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Single Most Important Step 401k Participants Can Take

Financial Finesse finds the following

401k plan, employees, financial finesseStep 1: Make a plan

The simple act of running a retirement projection may be the single most important step employees can take to reach their 401k financial goals.

So says Financial Finesse, the financial coaching firm for employees, in its 2016 Annual Year in Review report, released Wednesday. CEO Liz Davidson and crew found that as a result of this action, more employees discovered they were on track to retire.

Per the report, nearly six in 10 employees that made up the 14 percentage point increase in employees who reported having run a retirement projection discovered they were on track for retirement, while about four in 10 employees learned they actually were not on track to retire.

As more employees run their projections, those who are not on track may have time to make adjustments in order to avoid delayed retirement. This could benefit employers by reducing bottom line costs associated with delayed retirement, which Financial Finesse, the Society of Actuaries and other industry experts estimate to range between $10,000 and $50,000 per employee for every year they delay retirement due to financial reasons.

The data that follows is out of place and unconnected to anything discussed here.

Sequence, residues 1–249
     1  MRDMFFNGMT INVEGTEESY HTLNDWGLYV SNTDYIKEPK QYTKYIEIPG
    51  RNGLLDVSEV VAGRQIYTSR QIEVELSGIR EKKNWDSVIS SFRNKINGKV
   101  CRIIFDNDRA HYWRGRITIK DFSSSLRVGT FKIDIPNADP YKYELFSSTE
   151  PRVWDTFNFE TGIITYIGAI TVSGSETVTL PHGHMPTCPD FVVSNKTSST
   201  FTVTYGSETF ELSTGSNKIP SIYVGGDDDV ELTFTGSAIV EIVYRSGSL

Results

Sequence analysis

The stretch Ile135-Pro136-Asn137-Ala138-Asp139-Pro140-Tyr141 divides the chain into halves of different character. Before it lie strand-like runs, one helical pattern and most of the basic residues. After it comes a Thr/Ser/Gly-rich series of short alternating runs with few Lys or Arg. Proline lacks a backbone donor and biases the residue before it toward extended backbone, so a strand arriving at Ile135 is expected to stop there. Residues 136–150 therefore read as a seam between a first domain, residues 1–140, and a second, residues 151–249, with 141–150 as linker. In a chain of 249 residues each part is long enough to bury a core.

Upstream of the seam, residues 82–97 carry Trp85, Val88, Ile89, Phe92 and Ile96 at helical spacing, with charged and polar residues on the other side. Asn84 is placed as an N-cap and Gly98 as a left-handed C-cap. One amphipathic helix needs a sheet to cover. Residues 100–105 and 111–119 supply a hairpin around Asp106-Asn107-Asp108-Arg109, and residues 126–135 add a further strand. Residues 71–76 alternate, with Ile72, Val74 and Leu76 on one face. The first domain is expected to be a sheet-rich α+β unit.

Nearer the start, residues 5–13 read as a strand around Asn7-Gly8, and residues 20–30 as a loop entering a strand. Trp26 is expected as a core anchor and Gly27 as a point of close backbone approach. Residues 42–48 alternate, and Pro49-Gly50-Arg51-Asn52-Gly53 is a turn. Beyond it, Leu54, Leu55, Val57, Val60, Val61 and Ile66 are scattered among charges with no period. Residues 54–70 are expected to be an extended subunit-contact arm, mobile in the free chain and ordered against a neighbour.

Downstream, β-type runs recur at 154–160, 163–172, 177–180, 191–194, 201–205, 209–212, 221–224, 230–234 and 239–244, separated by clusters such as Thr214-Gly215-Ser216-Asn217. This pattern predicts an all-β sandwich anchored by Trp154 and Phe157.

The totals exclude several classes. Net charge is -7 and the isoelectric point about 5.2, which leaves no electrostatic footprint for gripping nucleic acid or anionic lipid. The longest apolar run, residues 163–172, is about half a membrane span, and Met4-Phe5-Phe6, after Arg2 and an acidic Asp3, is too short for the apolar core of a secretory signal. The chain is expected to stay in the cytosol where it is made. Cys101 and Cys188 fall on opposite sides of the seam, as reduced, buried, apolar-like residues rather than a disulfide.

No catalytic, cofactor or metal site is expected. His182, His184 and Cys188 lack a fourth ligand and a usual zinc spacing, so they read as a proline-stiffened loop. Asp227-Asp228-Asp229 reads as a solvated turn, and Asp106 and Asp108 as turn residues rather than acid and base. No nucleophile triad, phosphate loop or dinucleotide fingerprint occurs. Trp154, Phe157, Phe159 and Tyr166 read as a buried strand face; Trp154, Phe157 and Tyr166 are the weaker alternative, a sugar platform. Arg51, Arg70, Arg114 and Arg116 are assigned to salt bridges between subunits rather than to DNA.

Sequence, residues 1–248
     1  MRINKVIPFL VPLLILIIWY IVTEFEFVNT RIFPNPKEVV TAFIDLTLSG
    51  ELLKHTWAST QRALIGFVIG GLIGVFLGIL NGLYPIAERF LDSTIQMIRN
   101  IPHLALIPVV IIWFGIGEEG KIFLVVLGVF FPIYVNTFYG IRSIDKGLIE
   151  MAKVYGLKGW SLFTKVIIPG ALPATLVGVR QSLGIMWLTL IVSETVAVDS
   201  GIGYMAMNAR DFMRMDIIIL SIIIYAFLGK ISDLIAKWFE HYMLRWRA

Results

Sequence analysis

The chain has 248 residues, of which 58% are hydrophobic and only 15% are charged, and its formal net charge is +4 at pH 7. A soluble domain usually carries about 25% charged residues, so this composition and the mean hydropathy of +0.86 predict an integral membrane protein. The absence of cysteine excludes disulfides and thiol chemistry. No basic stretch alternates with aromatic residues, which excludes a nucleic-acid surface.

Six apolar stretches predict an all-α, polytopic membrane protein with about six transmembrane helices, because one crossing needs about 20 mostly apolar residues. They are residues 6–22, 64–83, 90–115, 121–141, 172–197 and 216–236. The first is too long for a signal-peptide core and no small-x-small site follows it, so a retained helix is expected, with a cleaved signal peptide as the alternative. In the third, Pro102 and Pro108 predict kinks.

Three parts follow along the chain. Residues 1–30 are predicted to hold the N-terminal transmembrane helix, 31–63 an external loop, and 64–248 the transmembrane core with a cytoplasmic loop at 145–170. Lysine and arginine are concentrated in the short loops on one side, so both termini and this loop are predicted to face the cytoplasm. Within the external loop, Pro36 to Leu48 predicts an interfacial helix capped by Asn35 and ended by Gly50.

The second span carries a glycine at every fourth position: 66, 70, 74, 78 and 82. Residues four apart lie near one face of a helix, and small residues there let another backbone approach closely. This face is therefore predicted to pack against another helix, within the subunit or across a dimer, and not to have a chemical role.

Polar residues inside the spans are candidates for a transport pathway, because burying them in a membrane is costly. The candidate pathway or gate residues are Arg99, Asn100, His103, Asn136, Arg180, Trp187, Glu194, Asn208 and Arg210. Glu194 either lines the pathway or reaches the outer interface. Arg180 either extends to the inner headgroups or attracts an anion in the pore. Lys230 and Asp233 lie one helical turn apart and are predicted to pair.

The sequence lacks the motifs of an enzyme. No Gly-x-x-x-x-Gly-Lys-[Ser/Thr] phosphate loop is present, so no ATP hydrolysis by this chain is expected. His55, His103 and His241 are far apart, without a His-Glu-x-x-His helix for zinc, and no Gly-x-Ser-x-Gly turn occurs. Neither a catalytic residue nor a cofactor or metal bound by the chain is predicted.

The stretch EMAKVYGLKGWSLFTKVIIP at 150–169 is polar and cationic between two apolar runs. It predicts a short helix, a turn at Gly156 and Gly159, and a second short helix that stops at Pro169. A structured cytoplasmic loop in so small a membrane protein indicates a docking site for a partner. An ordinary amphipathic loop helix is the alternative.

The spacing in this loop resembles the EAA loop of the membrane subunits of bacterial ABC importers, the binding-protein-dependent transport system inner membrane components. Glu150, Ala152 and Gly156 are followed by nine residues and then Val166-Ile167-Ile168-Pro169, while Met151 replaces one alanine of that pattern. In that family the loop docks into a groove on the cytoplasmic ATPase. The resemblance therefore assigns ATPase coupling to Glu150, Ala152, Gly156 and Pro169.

Average financial wellness scores improved for American workers to 5.4 (on a 10-point scale), up from 4.7 in 2015.

The improvement was largely due to an increase in repeat users of financial wellness programs, who as a group averaged 5.9 in 2016. Repeat users showed improvement of nearly 23 percent in their average Financial Wellness Score from their initial assessment to their most recent assessment.

Those who participated in workplace financial wellness programs on a regular basis were 12 percentage points more likely to have run a retirement projection than new users (58 percent versus 46 percent).

Gregory Ward, director of Financial Finesse’s Financial Wellness Think Tank, says repeat usage of workplace financial wellness programs is being driven by growing interest in benefits that help employees improve their financial situations and well-being.

He notes that employers offering these programs are doing more to increase awareness and participation. The firm identified significant increases in employees using these programs on a regular basis last year–with repeat users comprising 29 percent of total users in 2016, up from 16 percent in 2015, 14 percent in 2014 and 6 percent in 2013.

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